People who live with a liver condition such as hepatitis B or hepatitis C, have reported being discriminated against.
This may occur accessing health care, employment, migrating to another country or with friends and loved ones.
Others have experienced stigma while living with a liver condition.
Stigma and Discrimination FAQs
What is discrimination?
Put simply, discrimination occurs when someone is treated differently or less favourably based on who they are as a person. People are usually discriminated against based on their race, sex, or sexual preference, but it can also occur towards a health condition like viral hepatitis.
What is stigma?
Stigma is the negative social attitudes people have towards an individual’s behaviour, appearance, or identity. People living with a liver condition such as viral hepatitis can be stigmatised due to ignorance or fear about the condition. Stigma can be stopped by challenging it and education those around us.
Who do I have to tell?
In Australia, a person’s viral hepatitis status is their business. It is your right and personal decision to choose whether or not you disclose, and in most cases you don’t legally have to. However, there are a few circumstances where you may be required to disclose.
Who should I disclose my status to?
Viral hepatitis is a notifiable disease, meaning that if you see a doctor for a blood test, your positive test result and other details will be sent to the Victorian Department of Health and Human Services.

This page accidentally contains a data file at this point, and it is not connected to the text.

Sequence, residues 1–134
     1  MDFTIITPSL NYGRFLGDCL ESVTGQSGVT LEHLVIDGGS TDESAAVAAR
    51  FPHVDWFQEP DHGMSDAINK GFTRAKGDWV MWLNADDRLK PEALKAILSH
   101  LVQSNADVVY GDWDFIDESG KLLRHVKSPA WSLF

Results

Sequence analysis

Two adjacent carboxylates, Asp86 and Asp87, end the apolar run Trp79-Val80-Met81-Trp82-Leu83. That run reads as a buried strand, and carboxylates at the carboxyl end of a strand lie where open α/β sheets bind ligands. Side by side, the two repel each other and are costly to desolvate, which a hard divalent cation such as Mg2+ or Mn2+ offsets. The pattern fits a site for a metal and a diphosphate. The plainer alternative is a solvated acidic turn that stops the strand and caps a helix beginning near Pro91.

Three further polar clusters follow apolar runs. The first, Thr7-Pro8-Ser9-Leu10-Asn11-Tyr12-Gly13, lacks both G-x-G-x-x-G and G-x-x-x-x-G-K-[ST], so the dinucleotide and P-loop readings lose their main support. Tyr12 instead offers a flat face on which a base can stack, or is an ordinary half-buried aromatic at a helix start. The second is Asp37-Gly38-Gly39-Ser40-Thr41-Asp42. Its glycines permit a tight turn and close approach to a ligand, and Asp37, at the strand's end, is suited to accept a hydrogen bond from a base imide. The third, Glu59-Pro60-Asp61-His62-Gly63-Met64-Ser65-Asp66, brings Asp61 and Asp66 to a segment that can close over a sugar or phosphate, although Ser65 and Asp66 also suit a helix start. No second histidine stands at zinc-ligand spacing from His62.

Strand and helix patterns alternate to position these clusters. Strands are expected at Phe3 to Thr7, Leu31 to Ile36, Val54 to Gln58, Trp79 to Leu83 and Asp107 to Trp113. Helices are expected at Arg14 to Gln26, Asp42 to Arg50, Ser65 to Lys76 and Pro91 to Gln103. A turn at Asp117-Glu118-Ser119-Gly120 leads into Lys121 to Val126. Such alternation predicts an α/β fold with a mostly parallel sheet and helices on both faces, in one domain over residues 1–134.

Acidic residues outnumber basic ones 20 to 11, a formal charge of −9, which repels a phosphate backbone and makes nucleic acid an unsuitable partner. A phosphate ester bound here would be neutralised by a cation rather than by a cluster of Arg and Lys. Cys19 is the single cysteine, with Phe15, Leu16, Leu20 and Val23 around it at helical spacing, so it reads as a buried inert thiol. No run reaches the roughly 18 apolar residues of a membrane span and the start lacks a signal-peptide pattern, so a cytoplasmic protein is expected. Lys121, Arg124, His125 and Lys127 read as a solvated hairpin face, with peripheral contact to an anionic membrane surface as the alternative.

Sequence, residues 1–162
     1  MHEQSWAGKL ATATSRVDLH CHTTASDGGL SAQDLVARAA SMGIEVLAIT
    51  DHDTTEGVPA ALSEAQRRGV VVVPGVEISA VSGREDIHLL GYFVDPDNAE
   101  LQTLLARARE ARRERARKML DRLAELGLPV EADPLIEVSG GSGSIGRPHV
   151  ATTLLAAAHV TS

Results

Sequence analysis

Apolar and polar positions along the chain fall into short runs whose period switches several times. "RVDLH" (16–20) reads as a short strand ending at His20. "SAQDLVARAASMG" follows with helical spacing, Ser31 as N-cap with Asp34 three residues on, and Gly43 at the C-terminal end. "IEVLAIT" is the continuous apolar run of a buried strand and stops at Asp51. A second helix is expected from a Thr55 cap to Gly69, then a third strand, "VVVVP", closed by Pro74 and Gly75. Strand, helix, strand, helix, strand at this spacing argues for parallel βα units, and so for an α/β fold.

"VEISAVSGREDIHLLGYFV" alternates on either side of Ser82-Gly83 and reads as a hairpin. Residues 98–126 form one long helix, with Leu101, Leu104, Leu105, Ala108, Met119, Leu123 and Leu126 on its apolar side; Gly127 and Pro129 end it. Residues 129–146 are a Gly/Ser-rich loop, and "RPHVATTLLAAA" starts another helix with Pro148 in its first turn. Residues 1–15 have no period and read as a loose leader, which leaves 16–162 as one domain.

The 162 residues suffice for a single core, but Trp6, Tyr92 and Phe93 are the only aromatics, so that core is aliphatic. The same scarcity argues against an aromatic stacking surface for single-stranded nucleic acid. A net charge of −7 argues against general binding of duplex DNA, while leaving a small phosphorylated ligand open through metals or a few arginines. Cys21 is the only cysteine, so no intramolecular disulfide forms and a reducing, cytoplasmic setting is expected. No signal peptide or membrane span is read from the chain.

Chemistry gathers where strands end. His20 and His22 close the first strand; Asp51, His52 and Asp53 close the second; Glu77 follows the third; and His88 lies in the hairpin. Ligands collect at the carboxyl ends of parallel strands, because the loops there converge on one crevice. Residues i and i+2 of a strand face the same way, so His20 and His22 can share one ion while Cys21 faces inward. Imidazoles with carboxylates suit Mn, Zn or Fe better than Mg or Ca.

This helps the department monitor and control infectious diseases. However – your personal information is de-identified and kept confidential.
What if I experienced discrimination with a health service?
If you have experienced discrimination within a health service or by a health practitioner this could be illegal behaviour.
Health services cannot discriminate against someone on the grounds of a disability such as hepatitis B and/or C. They also have to abide by certain principles and where they don’t, you can complain. This means, for example, that health services do not have the right to:
- Refuse service because you have hepatitis B and/or C
- Bully or harass people due to having hepatitis B and/or C
- Otherwise disadvantage someone due to them having hepatitis B and/or C
- Share information about you outside of normal confidentiality laws
If you would like to talk to someone call the LiverLine on 1800 703 003 or speak to us on webchat.
https://www.ahpra.gov.au/ (Regulating Australia’s Health Practioners)